On 18 September 2018 the Constitutional Court in South Africa ruled that criminalising the possession, use and cultivation of cannabis by an adult to be unconstitutional. Then, in recognition of it's therapeutic benefits, during December of 2020 the UN Commission on Narcotic Drugs under the advice of the World Health Organization removed cannabis from the list of dangerous drugs in the International Convention of Narcotic Drugs of 1961. Considering this and the result of various studies by internationally recognized institutions there can be no disputing the fact that cannabis has medicinal properties. But four years down the line since the decriminalisation of cannabis in South-Africa and the situation is set to go back to the courts as police continue to infringe upon people's civil rights as they shut down growing clubs and confiscate plants. Yet London-based industry analysts Prohibition Partners still estimate South Africa will be one of the top three producers for Africa by 2023 with Nigeria at USD3.7bn, South Africa USD1.7bn, Morocco USD900m, Lesotho USD90m and Zimbabwe at USD80m. "Germany is the single largest market in Europe for medicinal cannabis distribution. The opportunities for distribution in Europe are very big. In addition to that, across borders, in Africa alone, there is a proposition that we have consolidated across a number of different countries all the way from Kenya, to Zambia to Uganda, Rwanda, Tanzania, as well as in Zimbabwe," says Mr. Herschel Maasdorp of the Labat Africa Group which is listed on the JSE and recently acquired the Eastern Cape-based Sweetwater Aquaponics. Thailand is notoriously strict on drug-related crimes with death penalties for those involved in trafficking of narcotics such as heroin and cocaine. After completely removing cannabis from the country's list of banned substances they have earned the moniker "the Amsterdam of Asia" with have open air cannabis festivals being held in public areas targeting medical as well as recreational cannabis users. The government is now encouraging every household to start growing cannabis for which it is estimated they could earn up to USD12,500 for each yield of 6 plants. They also plan to release 4,000 people convicted for cannabis related charges. This forms part of a strategy to revive the tourism industry which suffered a major decline during the Covid-19 pandemic.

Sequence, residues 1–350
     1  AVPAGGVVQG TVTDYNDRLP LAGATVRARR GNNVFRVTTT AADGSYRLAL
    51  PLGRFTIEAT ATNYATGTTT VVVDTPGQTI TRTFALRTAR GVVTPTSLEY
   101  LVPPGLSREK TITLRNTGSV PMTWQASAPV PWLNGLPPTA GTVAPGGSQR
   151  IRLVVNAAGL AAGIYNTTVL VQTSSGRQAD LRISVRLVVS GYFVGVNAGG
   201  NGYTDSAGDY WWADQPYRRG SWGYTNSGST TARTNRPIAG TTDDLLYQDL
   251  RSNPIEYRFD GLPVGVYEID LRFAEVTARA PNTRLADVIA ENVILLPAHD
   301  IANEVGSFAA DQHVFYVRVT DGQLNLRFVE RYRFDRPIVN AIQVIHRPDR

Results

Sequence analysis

In Namibia's courts cannabis rights activist and president of the Ganja Users of Namibia (GUN) and the Rastafari United Front (RUF) Ras Brian Jaftha challenged prosecutor General Martha Imalwa, asking that all mention of cannabis be removed from the Abuse of Dependence-Producing Substances and Rehabilitation Centres Act of 1971 and that those currently imprisoned for use or possession of cannabis be released and their criminal records be expunged. The case has been postponed to 15 October of 2022. It was then reported that Agriculture minister Calle Schlettwein stated the matter of commercial cultivation of cannabis in Namibia will be a topic of discussion during the 2022 Annual Conference of the Agricultural Economics Association of South Africa (AEASA) being held from the 2nd to 5th of October 2022 at the Strand Hotel in Swakopmund. Meanwhile there are people detained in prison and holding cells across the nation for what is essentially a victimless crime involving a medicinal plant while alcohol and cigarettes result in the deaths of Namibians on a daily basis. The UN Office of Drugs and Crime estimate 3.9% of Namibians use cannabis. This prohibition is empowering criminal organizations by giving them the monopoly on Namibia's cannabis market. It would be far better regulated in the same manner as alcohol which is not for sale to minors and available from licensed vendors because criminalizing the cultivation and use of cannabis by an adult must surely be unconstitutional in Namibia.
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